USMC Set to Field H&K M27 as Combat Rifle as Part of Infantry Kit Overhaul

    Original caption: "U.S. Marines with 3rd Battalion 8th Marine Regiment fire the M27 Infantry Automatic Rifle during a live-fire weapons exercise at range F-18 on Camp Lejeune, N.C., Dec. 8, 2017." USMC photo by Lance Cpl. Michaela R. Gregory, public domain.

    The Commandant of the United States Marine Corps (CMC) has stated his approval for an overhaul of the front-line infantry Marine’s gear – including the fielding of the Heckler & Koch M27 Infantry Automatic Rifle as a standard issue rifle, to replace the M4 Carbine. The move comes after considerable debate as to what the USMC’s next infantry weapon configuration should look like. From’s KitUp!:

    In an interview with in late December, Commandant Gen. Robert Neller confirmed that a decision had been made to move forward with fielding the M27 more widely within the infantry.

    Every Marine in an infantry squad, he said, will receive the high-end rifle. And while not every Marine in a grunt battalion will carry the IAR, others outside of the squad will also be issued one.

    “I don’t think mortars and javelin guys need the M27,” Neller said. But, he added, artillery forward observers, fire support teams, and even engineers might be good candidates for the weapon.

    “I’m going to wait and see,” he said. “It’s not that much [money].”

    Neller also asserted his intent to spend money on new equipment for the infantry, as well as for big budget projects like fighters:

    The Marines’ new 5th-generation fighter, the F-35B Joint Strike Fighter, costs roughly $100 million per copy, Neller told troops at one of a dozen town hall-style addresses he gave in the span of seven days in late December.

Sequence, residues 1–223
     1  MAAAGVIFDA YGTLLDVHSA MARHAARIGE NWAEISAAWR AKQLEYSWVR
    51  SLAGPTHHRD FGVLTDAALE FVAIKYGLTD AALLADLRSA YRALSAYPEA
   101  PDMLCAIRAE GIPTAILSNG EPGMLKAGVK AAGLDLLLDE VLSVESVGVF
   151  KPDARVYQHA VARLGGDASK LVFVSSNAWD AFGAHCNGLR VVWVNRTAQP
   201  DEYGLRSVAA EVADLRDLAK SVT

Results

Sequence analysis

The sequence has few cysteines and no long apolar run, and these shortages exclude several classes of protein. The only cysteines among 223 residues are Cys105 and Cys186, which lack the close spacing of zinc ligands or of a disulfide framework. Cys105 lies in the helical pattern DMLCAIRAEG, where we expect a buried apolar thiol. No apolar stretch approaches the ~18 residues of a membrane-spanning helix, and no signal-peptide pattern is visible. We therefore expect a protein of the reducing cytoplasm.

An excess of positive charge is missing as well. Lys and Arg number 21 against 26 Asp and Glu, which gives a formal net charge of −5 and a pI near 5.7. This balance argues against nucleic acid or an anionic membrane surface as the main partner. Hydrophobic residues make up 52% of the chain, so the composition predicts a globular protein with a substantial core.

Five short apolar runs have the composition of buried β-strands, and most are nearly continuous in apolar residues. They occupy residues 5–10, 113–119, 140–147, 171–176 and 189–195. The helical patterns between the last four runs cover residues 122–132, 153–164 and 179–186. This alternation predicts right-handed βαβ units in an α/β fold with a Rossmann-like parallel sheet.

“I could kit out every grunt in the Marine Corps with the coolest s*** head-to-toe for $100 million,” he said. “And I intend to do that.”

    Previously on TFB, we discussed that, although the M27 is an effective rifle with better capabilities than the current M4 Carbine used by the USMC, it falls short of being the ideal choice for the Corps. If the USMC does decide to replace the M4 with the M27, then it would be a major missed opportunity if they simply purchased more of the weapons first fielded in 2011. Instead, the Corps should seek out an “M27A1” variant which would improve on the existing weapon. Such a rifle would ideally incorporate a variety of improvements, such as:

    • Gas system regulated for standard M855A1 EPR ammunition
    • Improved low POI-shift M-LOK rail system for nightfighting using laser aiming devices
    • High quality match trigger, preferably with a “gas pedal” style selector lever
    • Lighter, shorter barrel for better maneuverability and mobility
    • Muzzle device compatible with modern detachable sound suppressor
    • 1-8 power ruggedized optical scope
    • A true domestic second source provider for the rifles

    Each of these improvements would be non-developmental in nature, and would result in a considerably more effective weapon that is more suitable as a standard infantry rifle than the current M27. Even with these improvements, however, the M27 would still carry a number of disadvantages versus an upgraded M4 like those being pursued by SOCOM and the USAF through the URG-I and IMR-Blue programs. First, even an upgraded M27 may experienced reduced bolt life and higher maintenance costs versus an M4 Carbine, due to the nature of its gas system (this subject is expanded upon here). Second, an upgraded M27 would still be significantly heavier – by a pound of more – than a comparably improved M4 Carbine. Third, unless a license-produced second-source contract were negotiated, the M27 would make the USMC beholden to a single provider for all of its combat rifles (therefore it is strongly suggested that they do negotiate a second source). Fourth, the adoption of the M27 would mean the end of commonality between USMC and US Army rifles, which could cause logistical difficulty during operations. Finally, and perhaps most importantly in the big picture, a unified or near-unified upgraded upper receiver group for all three organizations, USMC, SOCOM, and USAF, would put pressure on the Army to do likewise and finally implement “M4A1+” upgrades which have been “common sense” for nearly a decade.


    Seck, H. H. (2018, January 5). M27s and ‘Head-to-Toe’ Gear Overhaul on the Way for Marine Grunts. Retrieved from

    Nathaniel F

    Nathaniel is a history enthusiast and firearms hobbyist whose primary interest lies in military small arms technological developments beginning with the smokeless powder era. He can be reached via email at [email protected]